Democrat Wins by 130 in Latest Washington Count
SEATTLE, Dec. 23 – With all the votes tallied after a recount in the roller coaster race for governor, Christine O. Gregoire, the Democrat who trailed in the campaign and in a previous recount, won by 130 votes as battered Republicans demanded more vote counting and vowed to use every legal weapon to reverse the extraordinary turnaround.
The Republican candidate, Dino Rossi, 45, won the Nov. 2 election in the initial count by 261 votes and a machine recount by 42 votes. But a statewide hand recount completed Thursday gave Ms. Gregoire, 57, a microscopic but notable lead out of the 2.9 million votes cast, according to official results released Thursday. Newly counted ballots from King County, a heavily Democratic area that includes Seattle, turned the 10-vote lead Ms. Gregoire held before the latest official results into a commanding but narrow edge.
“This is the biggest display of democracy that I have ever seen,” Ms. Gregoire, the state attorney general, said at a televised news conference Thursday evening at the State Capitol in Olympia, which was ringed by Republican protestors shouting “count all the votes!”
“The election is over,” she said. “I hope we can move forward, unite our state and address the problems we are facing.”
But an end was anything but certain, as Republicans made it clear that they did not consider the results a legitimate victory for Ms. Gregoire and said they were already considering contesting the election.
Mr. Rossi, in a written statement issued Thursday night, said, “I know many Washingtonians are hoping this will end soon, but I’m also sure that people across this state want a clean election and a legitimate governor-elect. At this point, we have neither.”
Taking a page from their counterparts in Florida in 2000, state Republicans quickly alleged that the votes of soldiers stationed overseas were among hundreds of rejected votes for Mr. Rossi, a former state senator, and should now be counted.
They argued that since the State Supreme Court on Wednesday allowed erroneously rejected and newly discovered votes in King County to be counted, the rejected ballots of soldiers who may have missed deadlines because of their duties should be re-examined as well.
“If you can change the rules for the chairman of the King County Council,” said Chris Vance, chairman of the state Republican Party, referring to Larry Phillips, a Democratic councilman whose vote was among the 735 ballots reviewed in King County on Thursday, “then you can change the rules for a marine wounded in Falluja.”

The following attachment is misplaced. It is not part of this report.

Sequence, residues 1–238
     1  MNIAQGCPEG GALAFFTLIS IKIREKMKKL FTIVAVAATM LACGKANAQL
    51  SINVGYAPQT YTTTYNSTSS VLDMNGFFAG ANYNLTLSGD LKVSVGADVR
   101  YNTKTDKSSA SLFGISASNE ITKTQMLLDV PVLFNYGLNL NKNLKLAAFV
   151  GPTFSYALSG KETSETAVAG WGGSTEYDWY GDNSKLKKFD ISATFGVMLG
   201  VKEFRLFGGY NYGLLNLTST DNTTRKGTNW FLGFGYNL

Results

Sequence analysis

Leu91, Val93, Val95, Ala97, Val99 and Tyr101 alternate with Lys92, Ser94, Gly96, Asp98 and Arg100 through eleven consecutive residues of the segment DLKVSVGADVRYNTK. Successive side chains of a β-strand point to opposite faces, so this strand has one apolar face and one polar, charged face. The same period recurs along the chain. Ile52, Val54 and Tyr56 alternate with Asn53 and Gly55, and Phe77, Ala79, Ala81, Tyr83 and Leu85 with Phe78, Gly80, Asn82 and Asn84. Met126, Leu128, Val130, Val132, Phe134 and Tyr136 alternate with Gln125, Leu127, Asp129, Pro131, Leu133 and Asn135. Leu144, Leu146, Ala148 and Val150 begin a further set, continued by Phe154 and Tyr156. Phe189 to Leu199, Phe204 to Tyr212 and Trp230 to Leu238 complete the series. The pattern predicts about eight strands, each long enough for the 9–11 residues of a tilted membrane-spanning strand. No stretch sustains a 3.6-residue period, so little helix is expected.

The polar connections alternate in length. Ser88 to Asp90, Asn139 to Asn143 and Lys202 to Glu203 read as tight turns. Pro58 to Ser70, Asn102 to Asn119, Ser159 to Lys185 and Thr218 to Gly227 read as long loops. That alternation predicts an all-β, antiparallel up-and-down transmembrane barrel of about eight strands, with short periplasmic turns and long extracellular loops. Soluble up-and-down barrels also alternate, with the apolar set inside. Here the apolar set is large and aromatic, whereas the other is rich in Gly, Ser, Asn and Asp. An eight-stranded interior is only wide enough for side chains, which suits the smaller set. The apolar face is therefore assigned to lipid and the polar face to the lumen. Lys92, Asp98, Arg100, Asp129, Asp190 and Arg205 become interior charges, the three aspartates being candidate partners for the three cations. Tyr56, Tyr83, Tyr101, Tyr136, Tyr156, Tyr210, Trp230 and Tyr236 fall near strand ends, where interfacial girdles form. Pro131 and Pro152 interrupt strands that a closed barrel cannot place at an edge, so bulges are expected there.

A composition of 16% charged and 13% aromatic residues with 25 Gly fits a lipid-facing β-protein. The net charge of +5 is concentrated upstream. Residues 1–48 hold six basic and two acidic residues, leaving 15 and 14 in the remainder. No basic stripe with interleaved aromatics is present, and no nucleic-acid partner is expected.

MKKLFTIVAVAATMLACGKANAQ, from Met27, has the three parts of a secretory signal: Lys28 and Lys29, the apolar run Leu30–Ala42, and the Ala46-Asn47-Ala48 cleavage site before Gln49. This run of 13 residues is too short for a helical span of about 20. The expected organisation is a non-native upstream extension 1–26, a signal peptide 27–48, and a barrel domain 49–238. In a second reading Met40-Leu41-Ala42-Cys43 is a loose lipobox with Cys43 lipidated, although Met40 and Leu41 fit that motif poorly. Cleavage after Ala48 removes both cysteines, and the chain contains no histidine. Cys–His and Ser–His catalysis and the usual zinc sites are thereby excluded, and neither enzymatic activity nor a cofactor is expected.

Mr. Vance said one of the rejected votes for Mr. Rossi was cast by a marine wounded in Falluja whose absentee ballot was received late.
Republicans said they knew of the soldiers’ uncounted ballots by hearing from their families that ballots were either not received by them on time or did not make it back to Washington in time from overseas.
Still, Democrats were claiming victory and not hiding their delight.
“We believe that Chris Gregoire is going to be the next governor,” said Kirstin Brost, spokeswoman for the Washington State Democratic Party. “We believe she is the governor-elect, and we are looking forward to her taking office.”
Republican officials, accompanied by five veterans waving American flags, went into a meeting of the King County Canvassing Board on Thursday and lobbied the board to consider almost 100 rejected ballots for Mr. Rossi in King County.
The board refused to review those votes and 100 others submitted by the Democrats, but Republicans fanned out across the state Thursday lobbying dozens of counties to go back and consider previously rejected ballots. With the election results now certified by all 39 counties and no more recounts legally allowed, legal experts and officials with the Washington secretary of state’s office said state election law would not permit the counties to reconsider any ballots now. But Republicans were steadfast on Thursday and pointed to Thurston County, which had reviewed and counted one ballot after certifying results, saying that action allowed them to ask the other counties to do the same.
In a statement issued Thursday evening Mr. Vance said that several counties agreed on Thursday to “seriously consider” re-examining votes and that he had asked for a delay in the final certification. “We believe Dino Rossi is the legitimate governor-elect of the State of Washington,” he said. “And we will continue fighting to protect his election.”
Thurston County officials said they had interpreted state election law to mean that they could re-evaluate votes until the secretary of state certified the results submitted by the counties; the results of the recount completed on Thursday are expected to be certified on Dec. 30.
But others, including officials in the secretary of state’s office, said the law made it clear that all ballots must be reviewed and counted before a county certifies its results.
The secretary of state, Sam Reed, a Republican, told county auditors on Thursday that counting ballots could not continue after the results were certified and that any challenges should be pursued through the courts, officials in his office said. With King County’s election results announced on Thursday, all 39 counties have now certified their results.
“In our viewpoint, we have elected a governor,” said Trova Hutchins, a spokeswoman for Mr. Reed.
Meanwhile, Republicans said they were also weighing other legal options, which could include contesting the election in court, asking the United States Supreme Court to review the decision on the King County ballots made by the State Supreme Court or asking the State Legislature to order a whole new vote.